10 Questions for Glen Sharp, author of "Punching from the Shadows: Memoir of a Minor League Professional Boxer" (PART 2 of 2)

Welcome to Part 2 of my interview with Glen Sharp, author of Punching from the Shadows: Memoir of a Minor League Professional Boxer." So without further ado…

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“…the fear of forthcoming violence is a condensed version of the heightened discomfort we feel when confronting an unknown aspect of ourselves.”

-Glen Sharp

6: Curcio: We’ve touched on your education - both as a self-taught student through books and the school of hard-knocks through fighting. I’m also interested in your ability - as an economics major - to draw a relationship between almost every aspect of fighting and corresponding economic theory. It brings a fresh lens through with to watch fighters, especially for someone who knows nothing about the subject. I was particularly struck by your explanation of “the production possibility curve” (e.g. if a fighter expends 80% of his energy and focus on offense, he has just 20% left for defense). What other metaphors between boxing and economics remain especially pertinent to you when considering fighters today?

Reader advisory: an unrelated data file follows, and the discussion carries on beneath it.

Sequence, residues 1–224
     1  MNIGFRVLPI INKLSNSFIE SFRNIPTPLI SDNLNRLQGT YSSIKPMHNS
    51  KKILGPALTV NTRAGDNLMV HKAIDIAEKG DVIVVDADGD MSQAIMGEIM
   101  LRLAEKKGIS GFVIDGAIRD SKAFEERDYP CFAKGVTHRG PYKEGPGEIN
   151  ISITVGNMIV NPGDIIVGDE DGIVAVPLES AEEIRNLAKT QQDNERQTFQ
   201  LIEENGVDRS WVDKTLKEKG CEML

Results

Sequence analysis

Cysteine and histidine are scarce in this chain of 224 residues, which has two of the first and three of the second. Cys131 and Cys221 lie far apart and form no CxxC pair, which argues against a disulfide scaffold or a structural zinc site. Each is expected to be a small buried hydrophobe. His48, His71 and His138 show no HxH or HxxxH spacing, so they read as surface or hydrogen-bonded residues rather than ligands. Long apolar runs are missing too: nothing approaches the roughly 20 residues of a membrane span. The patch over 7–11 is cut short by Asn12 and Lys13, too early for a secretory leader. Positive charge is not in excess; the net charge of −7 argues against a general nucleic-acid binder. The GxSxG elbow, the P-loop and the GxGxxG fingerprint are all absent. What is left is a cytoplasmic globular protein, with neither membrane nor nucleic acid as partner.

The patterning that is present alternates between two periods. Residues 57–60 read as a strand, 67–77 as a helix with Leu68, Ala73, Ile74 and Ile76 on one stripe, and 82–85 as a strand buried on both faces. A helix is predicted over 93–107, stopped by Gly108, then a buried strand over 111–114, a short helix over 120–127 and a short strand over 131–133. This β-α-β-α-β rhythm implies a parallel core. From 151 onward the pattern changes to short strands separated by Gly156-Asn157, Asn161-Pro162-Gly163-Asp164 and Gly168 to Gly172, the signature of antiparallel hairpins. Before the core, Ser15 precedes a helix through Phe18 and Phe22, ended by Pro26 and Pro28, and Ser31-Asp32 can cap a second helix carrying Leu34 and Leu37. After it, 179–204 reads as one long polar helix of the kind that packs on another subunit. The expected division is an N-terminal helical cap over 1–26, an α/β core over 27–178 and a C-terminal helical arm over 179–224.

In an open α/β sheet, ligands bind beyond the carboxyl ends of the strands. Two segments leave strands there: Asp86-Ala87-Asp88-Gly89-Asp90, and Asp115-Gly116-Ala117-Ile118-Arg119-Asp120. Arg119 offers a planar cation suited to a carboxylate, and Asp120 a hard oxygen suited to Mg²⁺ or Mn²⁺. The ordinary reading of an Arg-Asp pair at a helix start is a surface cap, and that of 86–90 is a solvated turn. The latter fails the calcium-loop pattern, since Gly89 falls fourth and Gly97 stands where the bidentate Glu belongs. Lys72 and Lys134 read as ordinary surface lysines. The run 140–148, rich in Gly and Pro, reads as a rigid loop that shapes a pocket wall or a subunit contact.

Sharp: You could perform marginal analyses on fights and fighting styles. A good example is Jamie Munguia, who fought recently (4/13/19). Munguia punches with youthful, gazelle-like exuberance, seemingly throwing all caution to the wind. But his recent level of competition means he has to weigh the cost of these escapades against his defense. He’s primarily an offensive-minded boxer, but needs to find a way to reduce the cost of throwing punches by throwing them more safely – straight punches instead of the parabolic fireworks he is comfortable with; ordering his punches for greater effect; jabbing so as to provide cover while he sets up these punches. This is more sophisticated than the production possibility curve discussion because Munguia needs to be offensive-minded in order to be successful. He doesn’t want to trade much offense for a better defense, but he needs to discover what portion, or margin, of his power punching he can restrain, which will provide him a greater margin of safety. This would in effect place him on a higher production possibility curve, but is something he needs to do, because he’s plateaued.